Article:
Is it known yet exactly what will happen to the current synodical translation of the Small Catechism, which uses the NIV for Scripture verses? I understand that due to copyright the use of the NIV in the Catechism itself had to be retained even in the edition where the Explanation switches to ESV. In a way, I’m kind of hoping we will have to produce the Catechism text itself with the ESV now, even though it will be big pain in the printing press to switch, because then the synodical edition of the Catechism will use ESV throughout.

    • July 14th, 2011 at 15:09 | #11

      Nope, don’t know. We may have to switch. No problem from a printing/publishing point of view.

  8. Terry Maher (Past Elder)
    July 14th, 2011 at 15:03 | #12

    But to answer the question asked in this post’s title — hell no!

    What a joke. The media empire that brought 90210 into our living rooms and mindset as a norm also brings us “fair and balanced” news, and the Bible in English? And this just in — it’s not just Mother England, the FBI is starting an investigation into 9/11 hacking allegations.

  9. July 15th, 2011 at 05:21 | #13

    He also has a papal knighthood. Go figure!

  10. Rahn Hasbargen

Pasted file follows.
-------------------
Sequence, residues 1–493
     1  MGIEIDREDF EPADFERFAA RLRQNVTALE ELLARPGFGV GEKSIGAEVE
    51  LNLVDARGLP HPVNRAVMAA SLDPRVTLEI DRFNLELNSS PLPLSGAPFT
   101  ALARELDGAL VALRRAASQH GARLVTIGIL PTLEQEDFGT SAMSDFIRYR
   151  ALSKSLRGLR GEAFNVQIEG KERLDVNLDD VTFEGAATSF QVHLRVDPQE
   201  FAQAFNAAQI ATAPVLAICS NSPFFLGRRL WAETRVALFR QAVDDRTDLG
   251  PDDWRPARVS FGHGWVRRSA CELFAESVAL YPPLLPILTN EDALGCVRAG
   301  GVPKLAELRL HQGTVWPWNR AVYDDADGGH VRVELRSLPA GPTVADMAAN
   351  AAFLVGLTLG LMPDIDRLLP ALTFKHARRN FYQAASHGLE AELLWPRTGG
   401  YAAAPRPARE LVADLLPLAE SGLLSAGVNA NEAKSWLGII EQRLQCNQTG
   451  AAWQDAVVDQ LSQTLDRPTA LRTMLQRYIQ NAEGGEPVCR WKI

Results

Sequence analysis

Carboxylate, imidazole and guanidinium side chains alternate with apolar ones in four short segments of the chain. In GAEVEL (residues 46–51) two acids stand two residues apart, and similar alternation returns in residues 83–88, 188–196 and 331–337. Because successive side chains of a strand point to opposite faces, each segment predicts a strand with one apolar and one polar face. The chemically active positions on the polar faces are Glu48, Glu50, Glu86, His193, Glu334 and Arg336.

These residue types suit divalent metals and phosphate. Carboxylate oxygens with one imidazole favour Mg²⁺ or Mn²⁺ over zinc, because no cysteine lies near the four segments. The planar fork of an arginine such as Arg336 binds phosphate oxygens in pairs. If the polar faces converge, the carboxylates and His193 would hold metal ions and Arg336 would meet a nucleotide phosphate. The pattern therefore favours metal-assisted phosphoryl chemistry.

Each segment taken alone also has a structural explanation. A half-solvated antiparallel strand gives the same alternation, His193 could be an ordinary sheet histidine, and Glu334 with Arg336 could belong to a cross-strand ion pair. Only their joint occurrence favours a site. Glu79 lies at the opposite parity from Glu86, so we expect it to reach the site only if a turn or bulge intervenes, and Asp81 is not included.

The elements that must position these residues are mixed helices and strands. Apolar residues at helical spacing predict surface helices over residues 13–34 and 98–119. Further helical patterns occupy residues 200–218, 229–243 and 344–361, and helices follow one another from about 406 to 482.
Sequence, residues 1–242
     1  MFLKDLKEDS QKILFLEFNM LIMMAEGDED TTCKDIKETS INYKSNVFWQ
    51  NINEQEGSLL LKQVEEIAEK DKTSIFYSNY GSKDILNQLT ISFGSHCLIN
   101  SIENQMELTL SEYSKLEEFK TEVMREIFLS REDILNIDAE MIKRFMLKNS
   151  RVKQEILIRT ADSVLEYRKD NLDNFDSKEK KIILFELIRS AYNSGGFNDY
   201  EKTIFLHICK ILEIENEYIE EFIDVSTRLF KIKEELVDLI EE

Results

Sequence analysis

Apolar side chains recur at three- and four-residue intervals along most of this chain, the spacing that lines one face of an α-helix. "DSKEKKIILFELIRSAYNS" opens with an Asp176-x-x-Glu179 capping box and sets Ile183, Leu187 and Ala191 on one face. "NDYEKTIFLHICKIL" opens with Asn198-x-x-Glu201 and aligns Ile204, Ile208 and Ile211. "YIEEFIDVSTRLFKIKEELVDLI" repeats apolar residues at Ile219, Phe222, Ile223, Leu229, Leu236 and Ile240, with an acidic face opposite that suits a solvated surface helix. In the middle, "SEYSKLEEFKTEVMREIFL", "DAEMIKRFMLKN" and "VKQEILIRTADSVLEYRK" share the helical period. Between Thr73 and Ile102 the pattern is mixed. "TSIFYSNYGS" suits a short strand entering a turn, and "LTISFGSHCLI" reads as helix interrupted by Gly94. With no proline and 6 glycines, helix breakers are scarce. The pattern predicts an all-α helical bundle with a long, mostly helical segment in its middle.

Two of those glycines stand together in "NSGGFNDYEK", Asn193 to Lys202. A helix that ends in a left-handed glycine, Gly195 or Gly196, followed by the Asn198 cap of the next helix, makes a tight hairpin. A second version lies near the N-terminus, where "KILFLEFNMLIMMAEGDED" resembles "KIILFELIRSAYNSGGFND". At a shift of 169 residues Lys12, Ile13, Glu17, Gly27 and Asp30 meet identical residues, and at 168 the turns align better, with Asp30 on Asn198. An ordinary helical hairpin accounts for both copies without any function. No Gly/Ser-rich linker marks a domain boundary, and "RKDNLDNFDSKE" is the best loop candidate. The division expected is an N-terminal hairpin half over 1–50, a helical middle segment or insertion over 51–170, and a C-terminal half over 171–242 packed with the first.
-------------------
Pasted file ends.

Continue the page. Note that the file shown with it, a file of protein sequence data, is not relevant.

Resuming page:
July 19th, 2011 at 14:00 | #14

    Your description of Crossways Publishers sounds a lot like Zondervan Publishers was before Mr. Murdoch bought them out (Except Zondervan was Dutch Reformed while Crossways is Evangelical). Given what is happening in the publishing industry (Just today I read about Borders Books liquidating, Reader’s Digest for sale, and Murdoch closing more of his media companies) and the fact that CPH has gone “all in” with the ESV/Crossways combination, how secure is the future of Crossways in terms of preventing another Murdoch/Zondervan like takeover that would force CPH to start all over again with chosing a base translation for their publications?

    • July 19th, 2011 at 14:25 | #15

      Zondervan had been bought out many years prior by Harper-Collins, which in turn was bought by Newscorp. Crossway is much smaller and much more ministry focused than Zondervan has been for perhaps thirty or forty years. I have no reason to think it will be sold to a secular conglomerate. The issue of WELS using NIV2011 is fundamentally a theological problem that I hope it does not move forward into because of some very misguided committee work.